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CONTINUING PROFESSIONAL DEVELOPMENT
COUNSELLING IN PRACTICE
1. For which of the following conditions
does low-dose aspirin use have the
a) Peripheral oedema.
b) Primary prevention of heart disease.
c) Atrial fibrillation.
d) Transient ischaemic attack (TIA).
2. Which of the following is NOT an
absolute contraindication for use of
c) Peptic ulceration.
d) Aspirin-sensitive asthma.
3. Based on available evidence, what is
the MOST appropriate dose of aspirin
for the secondary prevention of CVD?
a) 30–75 mg once daily.
b) 75–150 mg once daily.
c) 160–325 mg once daily.
d) 150–300 mg on alternate days.
4. Which of the following have clinically
important drug-drug interactions
with low-dose aspirin?
a) Sodium valproate.
5. Which of the following statements
a) Low-dose aspirin reduces the
proportional risk of heart disease by
b) The rate of excess bleeding incurred
through aspirin use is about 1–2 bleeds
per year for every 1,000 patients.
c) Part of the efficacy of low-dose aspirin is
through the inhibition of prostacyclin.
d) None of the above.
It is equally important to make sure
that patients tell their GPs if they are
taking OTC aspirin. As mentioned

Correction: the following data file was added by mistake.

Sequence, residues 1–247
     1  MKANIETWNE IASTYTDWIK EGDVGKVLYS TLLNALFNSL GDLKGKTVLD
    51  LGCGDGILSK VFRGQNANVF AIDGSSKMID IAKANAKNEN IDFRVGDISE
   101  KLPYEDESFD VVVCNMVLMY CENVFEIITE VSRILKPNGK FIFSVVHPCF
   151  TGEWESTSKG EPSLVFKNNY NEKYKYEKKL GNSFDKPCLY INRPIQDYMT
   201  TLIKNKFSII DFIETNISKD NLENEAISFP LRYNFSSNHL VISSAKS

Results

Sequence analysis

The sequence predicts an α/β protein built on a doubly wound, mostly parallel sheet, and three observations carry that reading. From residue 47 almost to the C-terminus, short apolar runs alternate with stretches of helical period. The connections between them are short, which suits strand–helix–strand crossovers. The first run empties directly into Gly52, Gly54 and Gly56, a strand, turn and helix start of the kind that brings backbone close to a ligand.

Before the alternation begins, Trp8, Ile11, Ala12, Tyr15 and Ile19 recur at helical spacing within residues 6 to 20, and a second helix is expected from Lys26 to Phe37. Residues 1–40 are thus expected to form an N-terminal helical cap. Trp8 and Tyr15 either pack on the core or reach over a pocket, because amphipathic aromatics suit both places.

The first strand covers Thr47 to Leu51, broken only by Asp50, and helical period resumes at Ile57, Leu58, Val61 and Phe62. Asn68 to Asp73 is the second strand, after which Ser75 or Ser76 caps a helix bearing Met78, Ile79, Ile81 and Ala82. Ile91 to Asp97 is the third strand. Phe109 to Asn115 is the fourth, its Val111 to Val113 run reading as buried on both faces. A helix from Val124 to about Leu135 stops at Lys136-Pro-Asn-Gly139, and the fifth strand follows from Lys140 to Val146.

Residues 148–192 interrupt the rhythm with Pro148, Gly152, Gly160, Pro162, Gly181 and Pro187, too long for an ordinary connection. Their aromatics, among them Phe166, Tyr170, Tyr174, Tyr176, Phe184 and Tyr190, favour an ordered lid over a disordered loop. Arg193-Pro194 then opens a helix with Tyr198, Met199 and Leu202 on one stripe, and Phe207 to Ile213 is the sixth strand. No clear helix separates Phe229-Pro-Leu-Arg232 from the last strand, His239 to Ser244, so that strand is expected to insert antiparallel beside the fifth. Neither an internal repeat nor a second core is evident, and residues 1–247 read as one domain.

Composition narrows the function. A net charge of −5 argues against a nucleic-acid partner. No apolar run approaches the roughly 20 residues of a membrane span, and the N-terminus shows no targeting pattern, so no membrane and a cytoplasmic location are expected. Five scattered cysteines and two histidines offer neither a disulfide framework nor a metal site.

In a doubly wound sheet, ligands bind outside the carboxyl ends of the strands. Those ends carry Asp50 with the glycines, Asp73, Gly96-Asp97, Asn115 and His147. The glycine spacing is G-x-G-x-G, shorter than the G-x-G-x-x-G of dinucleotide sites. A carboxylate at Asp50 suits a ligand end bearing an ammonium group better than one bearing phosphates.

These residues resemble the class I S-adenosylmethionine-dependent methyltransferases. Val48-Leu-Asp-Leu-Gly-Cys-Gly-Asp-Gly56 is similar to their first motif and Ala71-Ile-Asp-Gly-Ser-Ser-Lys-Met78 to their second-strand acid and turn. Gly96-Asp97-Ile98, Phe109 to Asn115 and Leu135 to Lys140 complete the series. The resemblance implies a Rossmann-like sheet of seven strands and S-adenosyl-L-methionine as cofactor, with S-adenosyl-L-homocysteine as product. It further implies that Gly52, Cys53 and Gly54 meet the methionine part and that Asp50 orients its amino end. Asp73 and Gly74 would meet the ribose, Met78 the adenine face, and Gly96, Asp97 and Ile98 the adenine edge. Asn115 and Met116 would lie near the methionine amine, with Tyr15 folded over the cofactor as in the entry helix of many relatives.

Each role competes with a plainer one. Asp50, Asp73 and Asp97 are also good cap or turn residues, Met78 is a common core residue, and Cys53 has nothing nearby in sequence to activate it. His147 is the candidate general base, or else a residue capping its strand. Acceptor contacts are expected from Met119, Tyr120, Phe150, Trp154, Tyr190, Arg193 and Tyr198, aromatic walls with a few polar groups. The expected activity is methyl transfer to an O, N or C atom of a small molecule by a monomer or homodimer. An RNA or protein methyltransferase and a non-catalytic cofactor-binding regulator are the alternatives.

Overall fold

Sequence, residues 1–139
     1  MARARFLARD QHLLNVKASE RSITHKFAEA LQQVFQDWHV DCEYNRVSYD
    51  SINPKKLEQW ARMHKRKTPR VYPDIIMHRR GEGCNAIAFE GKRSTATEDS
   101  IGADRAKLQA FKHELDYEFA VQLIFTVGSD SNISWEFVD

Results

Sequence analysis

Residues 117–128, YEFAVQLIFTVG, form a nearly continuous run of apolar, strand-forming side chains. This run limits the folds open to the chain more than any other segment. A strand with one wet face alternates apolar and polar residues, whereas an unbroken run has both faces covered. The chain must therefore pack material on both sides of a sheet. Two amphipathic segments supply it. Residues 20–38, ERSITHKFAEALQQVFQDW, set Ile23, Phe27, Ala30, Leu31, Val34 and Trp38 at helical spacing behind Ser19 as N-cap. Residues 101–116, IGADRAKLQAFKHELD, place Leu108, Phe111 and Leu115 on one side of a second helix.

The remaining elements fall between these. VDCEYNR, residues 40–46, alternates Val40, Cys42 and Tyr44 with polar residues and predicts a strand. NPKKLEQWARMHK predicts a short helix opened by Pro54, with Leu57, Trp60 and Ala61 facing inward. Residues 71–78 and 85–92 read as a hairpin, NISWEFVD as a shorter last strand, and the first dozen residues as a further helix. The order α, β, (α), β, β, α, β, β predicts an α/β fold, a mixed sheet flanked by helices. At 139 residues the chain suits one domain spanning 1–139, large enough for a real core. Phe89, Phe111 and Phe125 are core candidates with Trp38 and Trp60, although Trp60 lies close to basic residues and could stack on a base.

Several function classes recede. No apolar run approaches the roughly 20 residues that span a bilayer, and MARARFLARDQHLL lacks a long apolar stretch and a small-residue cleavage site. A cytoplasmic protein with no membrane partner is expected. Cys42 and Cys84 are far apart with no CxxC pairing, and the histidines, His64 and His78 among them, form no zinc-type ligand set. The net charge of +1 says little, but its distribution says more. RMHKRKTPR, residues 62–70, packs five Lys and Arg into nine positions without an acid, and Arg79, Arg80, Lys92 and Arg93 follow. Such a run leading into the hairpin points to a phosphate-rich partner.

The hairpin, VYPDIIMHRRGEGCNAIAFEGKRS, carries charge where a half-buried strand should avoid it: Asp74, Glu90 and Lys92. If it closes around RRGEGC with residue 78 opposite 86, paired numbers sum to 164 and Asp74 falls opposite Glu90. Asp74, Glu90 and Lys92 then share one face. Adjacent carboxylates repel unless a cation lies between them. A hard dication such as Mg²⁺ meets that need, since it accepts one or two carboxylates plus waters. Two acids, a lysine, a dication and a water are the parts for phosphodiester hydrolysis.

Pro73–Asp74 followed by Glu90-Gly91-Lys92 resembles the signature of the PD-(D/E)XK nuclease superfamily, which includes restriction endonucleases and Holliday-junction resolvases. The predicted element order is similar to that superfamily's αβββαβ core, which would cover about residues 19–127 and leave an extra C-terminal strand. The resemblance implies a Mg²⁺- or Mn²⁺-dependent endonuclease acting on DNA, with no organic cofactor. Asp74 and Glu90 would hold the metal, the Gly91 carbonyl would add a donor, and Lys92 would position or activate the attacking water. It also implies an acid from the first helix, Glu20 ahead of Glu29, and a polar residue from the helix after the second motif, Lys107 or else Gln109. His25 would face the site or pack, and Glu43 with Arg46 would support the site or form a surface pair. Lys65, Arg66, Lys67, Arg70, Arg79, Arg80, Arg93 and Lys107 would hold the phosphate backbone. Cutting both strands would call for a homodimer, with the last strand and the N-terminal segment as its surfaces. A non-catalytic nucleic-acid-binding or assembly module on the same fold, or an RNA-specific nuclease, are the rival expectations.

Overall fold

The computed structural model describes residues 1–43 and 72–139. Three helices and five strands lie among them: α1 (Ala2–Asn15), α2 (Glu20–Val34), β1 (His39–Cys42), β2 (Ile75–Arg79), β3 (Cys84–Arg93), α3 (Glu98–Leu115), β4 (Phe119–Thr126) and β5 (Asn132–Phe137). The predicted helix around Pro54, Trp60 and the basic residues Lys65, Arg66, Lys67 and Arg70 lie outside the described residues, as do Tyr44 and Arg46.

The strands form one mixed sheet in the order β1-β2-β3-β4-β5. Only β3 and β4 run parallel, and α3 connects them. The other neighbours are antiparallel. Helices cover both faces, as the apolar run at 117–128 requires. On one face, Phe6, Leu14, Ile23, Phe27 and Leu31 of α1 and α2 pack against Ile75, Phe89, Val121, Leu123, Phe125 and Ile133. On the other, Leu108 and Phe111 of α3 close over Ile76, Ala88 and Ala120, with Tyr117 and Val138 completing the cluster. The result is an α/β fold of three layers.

above, there is a range of drugs that can
interfere with the efficacy and bleeding
risk associated with aspirin. The current
uncertainty around the need for aspirin
therapy in primary prevention might also
result in conflicting messages to patients
if prescribers are not involved with the
discussion. If a patient has been advised
by their GP to take aspirin, it is likely due
to a high risk of CVD. Some patients who
may currently be taking aspirin, but have
no history of CVD, should be advised to
review the need for this therapy with
their doctor in light of recent debates.
In the scenario above, it turned out
that the patient in question did not
have a history of heart disease. He was
interested because his wife had just had
a heart attack and had been prescribed
low-dose aspirin. You explain that
aspirin is probably not appropriate in
his case, but advise him he can improve
his cardiovascular health in other ways.
You offer to conduct a ‘heart health’
screening program and communicate
results to his GP, provide some
educational materials and work with him
to develop practical strategies to help
him and his wife improve their health
TAKE HOME MESSAGES
• The optimal dose of aspirin for
long-term CVD prevention is between
75 mg and 150 mg daily.
• The evidence for aspirin use in
secondary prevention of CVD is
extensive. Justification for use in
primary prevention is very uncertain.
• Enteric coated aspirin tablets and
capsules may not offer additional
protection from bleeding. Hence it is
important to continue monitoring for
signs of bleeding.
• Regular NSAID use may reduce the
antiplatelet effect of low-dose aspirin
and increase CVD risk.
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